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Ephesians 4:8-10

Context
4:8 Therefore it says,When he ascended on high he captured 1  captives; he gave gifts to men.” 2  4:9 Now what is the meaning of “he ascended,” except that he also descended 3  to the lower regions, 4  namely, the earth? 5  4:10 He, the very one 6  who descended, is also the one who ascended above all the heavens, in order to fill all things.

1 tn Grk “he led captive captivity.”

2 sn A quotation which is perhaps ultimately derived from Ps 68:18. However, the wording here differs from that of Ps 68 in both the Hebrew text and the LXX in a few places, the most significant of which is reading “gave gifts to” in place of “received gifts from” as in HT and LXX. It has sometimes been suggested that the author of Ephesians modified the text he was citing in order to better support what he wanted to say here. Such modifications are sometimes found in rabbinic exegesis from this and later periods, but it is also possible that the author was simply citing a variant of Ps 68 known to him but which has not survived outside its quotation here (W. H. Harris, The Descent of Christ [AGJU 32], 104). Another possibility is that the words here, which strongly resemble Ps 68:19 HT and LXX (68:18 ET), are actually part of an early Christian hymn quoted by the author.

3 tc The majority of mss (א2 B C3 Ψ Ï) read πρῶτον (prwton, “first”) here in conjunction with this verb: “he first descended.” The shorter reading, which lacks πρῶτον, should be considered original on the basis of both external and internal evidence: It has strong external support from the Alexandrian and Western texttypes (Ì46 א* A C* D F G Ivid 082 6 33 81 1739 1881 pc); internally, the inclusion of πρῶτον is most likely an addition to clarify the sense of the passage.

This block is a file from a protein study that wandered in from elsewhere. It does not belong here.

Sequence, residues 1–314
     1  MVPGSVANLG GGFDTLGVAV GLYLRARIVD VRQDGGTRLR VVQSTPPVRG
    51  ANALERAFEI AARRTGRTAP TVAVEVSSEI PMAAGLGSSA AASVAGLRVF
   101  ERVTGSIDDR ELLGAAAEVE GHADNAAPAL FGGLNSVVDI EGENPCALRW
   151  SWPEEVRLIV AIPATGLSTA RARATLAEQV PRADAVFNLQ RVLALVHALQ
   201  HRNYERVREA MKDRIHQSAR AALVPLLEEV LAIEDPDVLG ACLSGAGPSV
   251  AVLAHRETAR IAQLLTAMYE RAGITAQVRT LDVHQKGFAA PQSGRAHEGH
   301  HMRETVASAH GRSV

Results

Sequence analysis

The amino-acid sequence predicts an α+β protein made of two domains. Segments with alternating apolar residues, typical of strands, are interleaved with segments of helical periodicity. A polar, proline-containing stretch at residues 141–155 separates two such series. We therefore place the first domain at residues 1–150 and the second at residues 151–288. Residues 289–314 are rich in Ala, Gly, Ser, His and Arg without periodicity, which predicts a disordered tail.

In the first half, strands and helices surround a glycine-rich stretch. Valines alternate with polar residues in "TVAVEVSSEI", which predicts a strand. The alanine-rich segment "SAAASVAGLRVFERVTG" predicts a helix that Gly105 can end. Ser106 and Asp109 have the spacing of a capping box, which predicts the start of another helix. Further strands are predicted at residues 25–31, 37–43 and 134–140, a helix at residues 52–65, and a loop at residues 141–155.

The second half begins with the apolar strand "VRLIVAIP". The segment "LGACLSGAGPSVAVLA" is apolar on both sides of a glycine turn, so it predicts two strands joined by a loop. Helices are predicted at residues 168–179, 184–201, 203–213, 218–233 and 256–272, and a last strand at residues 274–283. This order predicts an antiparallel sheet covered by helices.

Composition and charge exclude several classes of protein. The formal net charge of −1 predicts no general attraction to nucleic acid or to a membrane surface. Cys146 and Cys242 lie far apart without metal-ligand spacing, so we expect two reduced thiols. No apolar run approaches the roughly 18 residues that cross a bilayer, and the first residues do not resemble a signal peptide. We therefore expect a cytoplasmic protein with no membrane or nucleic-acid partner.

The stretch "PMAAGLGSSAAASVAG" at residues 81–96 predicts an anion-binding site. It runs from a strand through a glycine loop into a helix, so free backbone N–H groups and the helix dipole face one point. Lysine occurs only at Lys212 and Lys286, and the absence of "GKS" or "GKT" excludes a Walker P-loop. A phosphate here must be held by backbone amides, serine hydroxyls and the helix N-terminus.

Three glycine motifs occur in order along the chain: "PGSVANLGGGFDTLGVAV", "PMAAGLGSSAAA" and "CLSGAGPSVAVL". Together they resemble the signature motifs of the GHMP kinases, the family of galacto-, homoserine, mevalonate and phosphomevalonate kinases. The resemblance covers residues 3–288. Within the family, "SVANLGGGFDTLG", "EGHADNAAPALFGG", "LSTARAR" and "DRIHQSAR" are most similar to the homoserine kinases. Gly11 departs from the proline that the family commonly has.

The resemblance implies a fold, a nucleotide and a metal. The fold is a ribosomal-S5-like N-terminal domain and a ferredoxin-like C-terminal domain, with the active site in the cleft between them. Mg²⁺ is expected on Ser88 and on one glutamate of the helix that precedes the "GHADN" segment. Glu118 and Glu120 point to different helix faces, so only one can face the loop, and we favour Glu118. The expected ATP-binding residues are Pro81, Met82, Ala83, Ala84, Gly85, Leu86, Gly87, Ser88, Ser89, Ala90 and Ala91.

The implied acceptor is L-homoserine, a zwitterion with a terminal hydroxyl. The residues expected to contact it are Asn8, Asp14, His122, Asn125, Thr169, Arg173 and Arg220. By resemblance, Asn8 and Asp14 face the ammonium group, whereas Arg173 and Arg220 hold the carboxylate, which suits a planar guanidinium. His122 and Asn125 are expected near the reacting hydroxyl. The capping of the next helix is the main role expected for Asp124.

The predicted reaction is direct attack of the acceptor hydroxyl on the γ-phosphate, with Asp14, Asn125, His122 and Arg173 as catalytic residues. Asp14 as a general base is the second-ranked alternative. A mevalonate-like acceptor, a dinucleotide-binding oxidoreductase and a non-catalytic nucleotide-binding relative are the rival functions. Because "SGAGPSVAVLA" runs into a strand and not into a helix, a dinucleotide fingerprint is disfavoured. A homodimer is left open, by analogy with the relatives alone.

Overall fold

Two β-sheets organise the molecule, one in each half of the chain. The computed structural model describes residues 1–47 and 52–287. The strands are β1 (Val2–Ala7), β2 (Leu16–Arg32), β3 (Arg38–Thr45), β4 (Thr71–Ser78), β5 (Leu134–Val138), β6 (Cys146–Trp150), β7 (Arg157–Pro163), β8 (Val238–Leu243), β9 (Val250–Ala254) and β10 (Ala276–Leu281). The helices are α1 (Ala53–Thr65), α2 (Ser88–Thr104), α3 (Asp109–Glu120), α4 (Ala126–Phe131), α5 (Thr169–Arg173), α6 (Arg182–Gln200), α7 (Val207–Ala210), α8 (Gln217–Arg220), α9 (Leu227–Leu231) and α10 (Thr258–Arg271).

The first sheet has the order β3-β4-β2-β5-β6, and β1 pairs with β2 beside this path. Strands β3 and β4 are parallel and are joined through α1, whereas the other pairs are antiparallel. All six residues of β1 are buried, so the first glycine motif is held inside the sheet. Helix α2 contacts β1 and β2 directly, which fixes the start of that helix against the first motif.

4 tc The Western texttype (D* F G it) lacks the plural noun μέρη (merh, “regions”); the shorter reading cannot be dismissed out of hand since it is also supported by Ì46 (which often has strong affinities, however, with the Western text). The inclusion of the word has strong external support from important, early mss as well as the majority of Byzantine cursives (א A B C D2 I Ψ 33 1739 1881 Ï). Certain scribes may have deleted the word, thinking it superfluous; in addition, if the shorter reading were original one would expect to see at least a little variation in clarifying additions to the text. For these reasons the inclusion of μέρη should be regarded as original.

5 tn Grk “to the lower parts of the earth.” This phrase has been variously interpreted: (1) The traditional view understands it as a reference to the underworld (hell), where Jesus is thought to have descended in the three days between his death and resurrection. In this case, “of the earth” would be a partitive genitive. (2) A second option is to translate the phrase “of the earth” as a genitive of apposition: “to the lower parts, namely, the earth” (as in the present translation). Many recent scholars hold this view and argue that it is a reference to the incarnation. (3) A third option, which also sees the phrase “of the earth” as a genitive of apposition, is that the descent in the passage occurs after the ascent rather than before it, and refers to the descent of the Spirit at Pentecost (cf. Acts 4:11-16). Support for this latter view is found in the intertestamental and rabbinic use of Ps 68:18 (quoted in v. 8), which is consistently and solely interpreted as a reference to Moses’ ascent of Mt. Sinai to “capture” the words of the law. The probability, therefore, is that the comments here in v. 9 reflect a polemic against the interpretation of Ps 68:18 in certain circles as a reference to Moses. See W. H. Harris, The Descent of Christ (AGJU 32), 46-54; 171-204.

6 tn The Greek text lays specific emphasis on “He” through the use of the intensive pronoun, αὐτός (autos). This is reflected in the English translation through the use of “the very one.”



TIP #08: Use the Strong Number links to learn about the original Hebrew and Greek text. [ALL]
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